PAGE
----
Durability of SMAs for cardiac applications should extend beyond patients life expectancy. In this study, no change in volume displacement was observed after 25 min (Supplemental Fig. 1). Comparable SMAs were tested in a fatigue lifetime test and assured constant stroke after at least 106 cycles.7 However, for cardiac applications these experiments should ensure SMA stability over 108 cycles.

Also, afterload is reduced in LVAD therapy where effects of a SMA support device on afterload are still unknown. These effects should be addressed in future experimental setups and should be within physiological systemic aortal pressure.

Finally, energy consumption for achieving an ejection fraction of 3.5% was threefold higher than a pacemaker. This might affect future clinical use when battery life is too short for internal battery use. External battery use comes with an increased risk for driveline infections and impair patients mobility.16 An increase of parallel windings can reduce SMA length and resistance, with a reduction in energy consumption to follow.

Future Perspectives

Future research should focus on evaluation of spiral or oblique shaped configurations around the heart in advanced bench models such as dynamic setups or an ex vivo porcine cadaver model. The helical ventricular myocardial band cardiac fiber orientation should be acknowledged in these designs.13 This represents a physiologically more realistic model than the proof of principle in an in vitro mono-chamber bench model presented here. Alternatively, a double-chamber bench model with incorporated right ventricle can then include biventricular support. This should increase the technology readiness level from 3 (Characteristic Proof-of-Concept) to 4 (Proof-of-Concept in defined models). Furthermore, combining both different afterload scenarios such as hypertension or mitral regurgitation and design configurations in a mathematical model might enhance device development.

Effectivity of SMA-wire application may be objectified with (ex vivo) Magnetic Resonance Imaging (MRI) on segmental wall motion abnormalities. Also, a mesh such as the CorCap Cardiac Support Device or other supportive materials may be incorporated around the heart in future designs to guide and support SMA-wires and prevent dilatation of the left ventricle. This would also prevent incising heart tissue with SMA-wires. The resultant exoskeleton then prevents occurrence of dead space between SMA-wires and epicardium, thus giving additional support for effective contraction and improved ejection fraction.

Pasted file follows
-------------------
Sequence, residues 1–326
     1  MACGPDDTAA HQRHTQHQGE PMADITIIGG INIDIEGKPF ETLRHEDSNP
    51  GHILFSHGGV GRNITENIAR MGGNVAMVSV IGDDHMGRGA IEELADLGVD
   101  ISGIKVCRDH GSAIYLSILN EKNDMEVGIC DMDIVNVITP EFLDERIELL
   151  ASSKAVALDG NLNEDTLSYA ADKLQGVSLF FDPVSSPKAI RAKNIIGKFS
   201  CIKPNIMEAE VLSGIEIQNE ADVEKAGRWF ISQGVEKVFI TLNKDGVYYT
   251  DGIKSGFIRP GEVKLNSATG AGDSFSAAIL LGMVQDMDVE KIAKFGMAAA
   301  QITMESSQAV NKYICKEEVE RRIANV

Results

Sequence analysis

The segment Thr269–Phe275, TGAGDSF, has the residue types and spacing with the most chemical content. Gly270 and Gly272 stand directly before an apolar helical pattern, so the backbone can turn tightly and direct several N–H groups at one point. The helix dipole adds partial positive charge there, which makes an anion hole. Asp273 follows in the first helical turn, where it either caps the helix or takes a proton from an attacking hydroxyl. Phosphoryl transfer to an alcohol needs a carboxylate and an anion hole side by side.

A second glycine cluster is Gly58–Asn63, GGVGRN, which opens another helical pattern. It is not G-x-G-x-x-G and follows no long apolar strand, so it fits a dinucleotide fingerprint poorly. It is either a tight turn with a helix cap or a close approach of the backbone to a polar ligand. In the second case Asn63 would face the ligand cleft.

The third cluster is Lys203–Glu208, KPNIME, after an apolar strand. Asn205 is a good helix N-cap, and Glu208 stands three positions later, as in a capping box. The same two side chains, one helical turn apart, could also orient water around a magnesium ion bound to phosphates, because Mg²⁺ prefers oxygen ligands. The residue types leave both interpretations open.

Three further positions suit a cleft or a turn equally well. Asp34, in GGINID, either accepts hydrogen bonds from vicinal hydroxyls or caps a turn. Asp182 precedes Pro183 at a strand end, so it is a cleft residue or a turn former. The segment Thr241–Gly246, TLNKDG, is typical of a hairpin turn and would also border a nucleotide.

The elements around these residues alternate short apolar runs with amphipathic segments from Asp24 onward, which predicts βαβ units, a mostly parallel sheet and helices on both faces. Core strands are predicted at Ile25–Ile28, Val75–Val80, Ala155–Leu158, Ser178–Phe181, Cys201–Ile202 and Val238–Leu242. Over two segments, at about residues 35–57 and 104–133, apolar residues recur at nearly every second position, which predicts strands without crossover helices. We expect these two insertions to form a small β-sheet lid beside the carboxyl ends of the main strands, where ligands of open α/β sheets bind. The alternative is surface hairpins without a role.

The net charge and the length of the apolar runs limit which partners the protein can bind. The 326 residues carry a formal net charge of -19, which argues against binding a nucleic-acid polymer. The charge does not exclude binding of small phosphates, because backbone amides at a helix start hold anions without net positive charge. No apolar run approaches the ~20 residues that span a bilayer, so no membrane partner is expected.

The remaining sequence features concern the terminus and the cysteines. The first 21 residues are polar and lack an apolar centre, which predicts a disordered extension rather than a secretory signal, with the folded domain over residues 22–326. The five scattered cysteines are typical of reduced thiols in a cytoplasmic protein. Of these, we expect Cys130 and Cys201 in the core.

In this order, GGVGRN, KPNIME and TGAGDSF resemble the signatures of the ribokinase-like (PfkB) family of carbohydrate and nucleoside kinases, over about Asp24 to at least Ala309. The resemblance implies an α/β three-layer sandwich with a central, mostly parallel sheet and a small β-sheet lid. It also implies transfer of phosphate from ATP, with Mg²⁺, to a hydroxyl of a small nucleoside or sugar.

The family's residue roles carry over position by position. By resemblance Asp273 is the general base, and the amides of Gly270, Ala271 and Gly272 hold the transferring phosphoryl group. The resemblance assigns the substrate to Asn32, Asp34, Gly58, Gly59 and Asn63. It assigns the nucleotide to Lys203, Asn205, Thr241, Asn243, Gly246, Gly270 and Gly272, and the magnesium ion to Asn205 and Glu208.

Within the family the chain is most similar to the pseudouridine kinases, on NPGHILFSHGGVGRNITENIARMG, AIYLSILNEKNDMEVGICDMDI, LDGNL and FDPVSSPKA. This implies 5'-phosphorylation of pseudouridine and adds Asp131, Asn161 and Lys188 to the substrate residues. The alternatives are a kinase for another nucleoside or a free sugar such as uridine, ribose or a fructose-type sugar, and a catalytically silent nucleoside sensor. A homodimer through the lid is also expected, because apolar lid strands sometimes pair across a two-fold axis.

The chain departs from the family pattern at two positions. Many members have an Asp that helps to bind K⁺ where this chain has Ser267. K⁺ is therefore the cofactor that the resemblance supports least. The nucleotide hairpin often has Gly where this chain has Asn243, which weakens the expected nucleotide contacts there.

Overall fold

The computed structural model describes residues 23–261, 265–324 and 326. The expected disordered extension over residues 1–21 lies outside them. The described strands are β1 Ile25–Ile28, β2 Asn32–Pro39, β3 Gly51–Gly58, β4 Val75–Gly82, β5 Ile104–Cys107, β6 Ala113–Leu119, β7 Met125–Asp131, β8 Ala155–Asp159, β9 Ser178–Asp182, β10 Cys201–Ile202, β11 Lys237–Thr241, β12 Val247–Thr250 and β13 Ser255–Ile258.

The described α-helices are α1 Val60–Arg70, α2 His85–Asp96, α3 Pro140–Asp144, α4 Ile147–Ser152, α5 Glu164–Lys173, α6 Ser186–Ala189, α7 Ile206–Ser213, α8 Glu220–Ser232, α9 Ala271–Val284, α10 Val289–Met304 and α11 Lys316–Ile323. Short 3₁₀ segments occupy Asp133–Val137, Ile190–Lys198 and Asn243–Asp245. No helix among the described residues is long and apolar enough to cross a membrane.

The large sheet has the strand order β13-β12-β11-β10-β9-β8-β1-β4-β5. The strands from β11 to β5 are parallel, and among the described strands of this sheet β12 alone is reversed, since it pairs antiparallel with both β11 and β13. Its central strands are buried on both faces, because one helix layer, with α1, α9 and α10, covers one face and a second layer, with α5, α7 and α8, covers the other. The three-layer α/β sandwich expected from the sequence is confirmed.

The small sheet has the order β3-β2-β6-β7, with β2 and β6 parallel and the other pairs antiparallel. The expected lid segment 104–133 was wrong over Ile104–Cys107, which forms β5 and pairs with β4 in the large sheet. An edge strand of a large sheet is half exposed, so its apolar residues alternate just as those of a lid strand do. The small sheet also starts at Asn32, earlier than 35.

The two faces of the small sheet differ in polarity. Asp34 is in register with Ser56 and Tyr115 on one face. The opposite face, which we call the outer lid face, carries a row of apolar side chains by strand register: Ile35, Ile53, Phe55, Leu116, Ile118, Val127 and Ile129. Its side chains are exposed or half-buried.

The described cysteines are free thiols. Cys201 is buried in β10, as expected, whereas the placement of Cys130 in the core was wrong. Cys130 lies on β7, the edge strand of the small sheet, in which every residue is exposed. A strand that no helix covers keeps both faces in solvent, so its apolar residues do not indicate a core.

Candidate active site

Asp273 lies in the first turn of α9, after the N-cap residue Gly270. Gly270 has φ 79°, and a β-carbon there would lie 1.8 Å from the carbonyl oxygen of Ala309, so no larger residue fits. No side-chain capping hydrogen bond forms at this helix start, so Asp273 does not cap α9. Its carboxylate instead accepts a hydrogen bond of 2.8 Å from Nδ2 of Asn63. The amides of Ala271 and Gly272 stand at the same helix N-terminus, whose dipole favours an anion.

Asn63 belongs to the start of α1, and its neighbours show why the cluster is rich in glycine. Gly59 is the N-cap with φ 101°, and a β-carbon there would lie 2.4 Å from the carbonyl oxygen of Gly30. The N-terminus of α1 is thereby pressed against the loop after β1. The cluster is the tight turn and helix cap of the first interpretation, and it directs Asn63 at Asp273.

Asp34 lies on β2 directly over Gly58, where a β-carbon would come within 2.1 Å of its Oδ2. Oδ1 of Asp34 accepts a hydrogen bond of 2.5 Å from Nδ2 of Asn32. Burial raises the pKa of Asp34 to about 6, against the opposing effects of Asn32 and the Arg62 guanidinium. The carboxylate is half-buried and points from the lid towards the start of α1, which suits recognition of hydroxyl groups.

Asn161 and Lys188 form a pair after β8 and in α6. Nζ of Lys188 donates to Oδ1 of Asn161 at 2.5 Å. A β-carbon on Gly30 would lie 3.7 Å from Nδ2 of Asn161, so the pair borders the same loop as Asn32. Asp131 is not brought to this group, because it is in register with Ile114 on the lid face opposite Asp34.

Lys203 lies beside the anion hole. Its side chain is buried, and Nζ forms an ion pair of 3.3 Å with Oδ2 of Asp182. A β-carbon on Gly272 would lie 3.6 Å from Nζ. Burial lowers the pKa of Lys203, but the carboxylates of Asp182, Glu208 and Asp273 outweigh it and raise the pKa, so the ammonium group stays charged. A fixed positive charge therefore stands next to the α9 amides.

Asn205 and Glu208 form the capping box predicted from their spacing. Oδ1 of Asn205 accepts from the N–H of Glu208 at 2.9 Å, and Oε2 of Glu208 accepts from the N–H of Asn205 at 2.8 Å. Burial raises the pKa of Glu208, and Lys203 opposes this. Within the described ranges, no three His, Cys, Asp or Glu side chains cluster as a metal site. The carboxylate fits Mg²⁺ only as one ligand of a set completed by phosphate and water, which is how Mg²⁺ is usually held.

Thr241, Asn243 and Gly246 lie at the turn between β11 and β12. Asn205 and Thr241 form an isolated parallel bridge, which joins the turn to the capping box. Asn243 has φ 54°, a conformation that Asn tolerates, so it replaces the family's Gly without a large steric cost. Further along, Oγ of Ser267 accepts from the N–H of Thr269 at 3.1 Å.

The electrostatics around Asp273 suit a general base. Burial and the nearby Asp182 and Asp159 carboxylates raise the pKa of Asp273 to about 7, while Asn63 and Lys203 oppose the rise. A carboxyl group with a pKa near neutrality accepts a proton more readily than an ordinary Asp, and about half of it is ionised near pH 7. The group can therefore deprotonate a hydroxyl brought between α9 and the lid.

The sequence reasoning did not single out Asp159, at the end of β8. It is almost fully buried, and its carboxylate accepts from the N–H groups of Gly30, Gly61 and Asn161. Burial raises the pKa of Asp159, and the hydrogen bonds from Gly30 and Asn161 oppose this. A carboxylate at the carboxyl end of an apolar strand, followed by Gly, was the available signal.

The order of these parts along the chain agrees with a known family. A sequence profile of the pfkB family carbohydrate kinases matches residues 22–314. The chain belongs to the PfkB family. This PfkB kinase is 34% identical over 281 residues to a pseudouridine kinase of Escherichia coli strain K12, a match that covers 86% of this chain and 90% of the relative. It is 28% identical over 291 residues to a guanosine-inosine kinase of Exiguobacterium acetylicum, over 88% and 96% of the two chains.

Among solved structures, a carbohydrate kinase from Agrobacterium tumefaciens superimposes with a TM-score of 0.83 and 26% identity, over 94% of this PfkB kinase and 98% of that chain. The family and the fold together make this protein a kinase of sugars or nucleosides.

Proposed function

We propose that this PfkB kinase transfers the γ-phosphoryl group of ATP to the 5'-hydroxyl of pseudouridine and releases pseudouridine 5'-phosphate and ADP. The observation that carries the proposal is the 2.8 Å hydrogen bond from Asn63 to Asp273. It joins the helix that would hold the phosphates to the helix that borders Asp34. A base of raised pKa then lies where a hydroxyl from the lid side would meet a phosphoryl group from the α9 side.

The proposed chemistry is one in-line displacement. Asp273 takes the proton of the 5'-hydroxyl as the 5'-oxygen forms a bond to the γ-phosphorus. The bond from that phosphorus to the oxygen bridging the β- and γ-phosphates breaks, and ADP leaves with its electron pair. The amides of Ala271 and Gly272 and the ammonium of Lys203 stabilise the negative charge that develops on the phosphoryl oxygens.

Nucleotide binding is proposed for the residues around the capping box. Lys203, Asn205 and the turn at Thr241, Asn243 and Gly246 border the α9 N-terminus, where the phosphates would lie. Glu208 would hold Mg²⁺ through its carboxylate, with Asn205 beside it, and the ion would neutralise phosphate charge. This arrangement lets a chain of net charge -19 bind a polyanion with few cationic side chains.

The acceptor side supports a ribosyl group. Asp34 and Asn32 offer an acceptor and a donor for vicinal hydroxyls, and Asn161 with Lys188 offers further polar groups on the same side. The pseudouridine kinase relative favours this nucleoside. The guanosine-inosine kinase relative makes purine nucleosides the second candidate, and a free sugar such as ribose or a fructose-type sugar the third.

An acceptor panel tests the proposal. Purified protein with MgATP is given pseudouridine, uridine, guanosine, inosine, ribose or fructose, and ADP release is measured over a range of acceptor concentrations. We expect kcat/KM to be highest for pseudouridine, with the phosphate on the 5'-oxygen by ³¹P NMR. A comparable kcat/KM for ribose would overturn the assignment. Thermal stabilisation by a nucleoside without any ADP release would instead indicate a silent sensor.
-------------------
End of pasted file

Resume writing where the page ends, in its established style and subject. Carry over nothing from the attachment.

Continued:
An increased stroke volume of 11.8 mL improve patients New York Heart Association (NYHA) functional class on heart failure symptoms by a class.12 Our current setup might improve these symptoms by half a class, which is not clinically relevant yet. Future studies should aim to improve NYHA-class at least by one and preferably by two classes.

Conclusions

Optimal design characteristics of a SMA support device for HFrEF patients were determined in this demonstrator study. A LVEF increase of 3.5% was demonstrated in a mono-chamber static heart model by activation of SMA-wires. Furthermore, effects of configuration, duty cycle, frequency, pulse intervals and diameter on the activation of SMA-wires and corresponding volume displacement was evaluated.

Notes

Acknowledgments

The authors gratefully acknowledge funding by a Pioneers in Health Care 2017 (PIHC) Grant from the TechMed Centre, Enschede, the Netherlands.

Conflict of interest

Authors KA, FH, SS, JG, JP declare that they have no conflict of interest for this work. No human or animal studies were carried out by the authors for this article.

Supplementary material

13239_2018_399_MOESM1_ESM.docx (310 kb)
Supplementary material 1 (DOCX 310 kb)

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Copyright information

© The Author(s) 2019

Open AccessThis article is distributed under the terms of the Creative Commons Attribution 4.0 International License (http://creativecommons.org/licenses/by/4.0/), which permits unrestricted use, distribution, and reproduction in any medium, provided you give appropriate credit to the original author(s) and the source, provide a link to the Creative Commons license, and indicate if changes were made.

Authors and Affiliations

  1. 1.University of Twente, TechMed CentreEnschedeThe Netherlands
  2. 2.Isala HospitalZwolleThe Netherlands
  3. 3.Department of Cardio-Thoracic Surgery, Thorax Center TwenteMedisch Spectrum Twente HospitalEnschedeThe Netherlands
  4. 4.Department of Biomechanical Engineering, TechMed CentreUniversity of TwenteEnschedeThe Netherlands
  5. 5.Department of CardiologyHospital Group TwenteAlmelo-HengeloThe Netherlands
  6. 6.Department of Biomolecular NanotechnologyUniversity of TwenteEnschedeThe Netherlands
  7. 7.Department of Nuclear Medicine and Molecular ImagingUniversity Medical Center GroningenGroningenThe Netherlands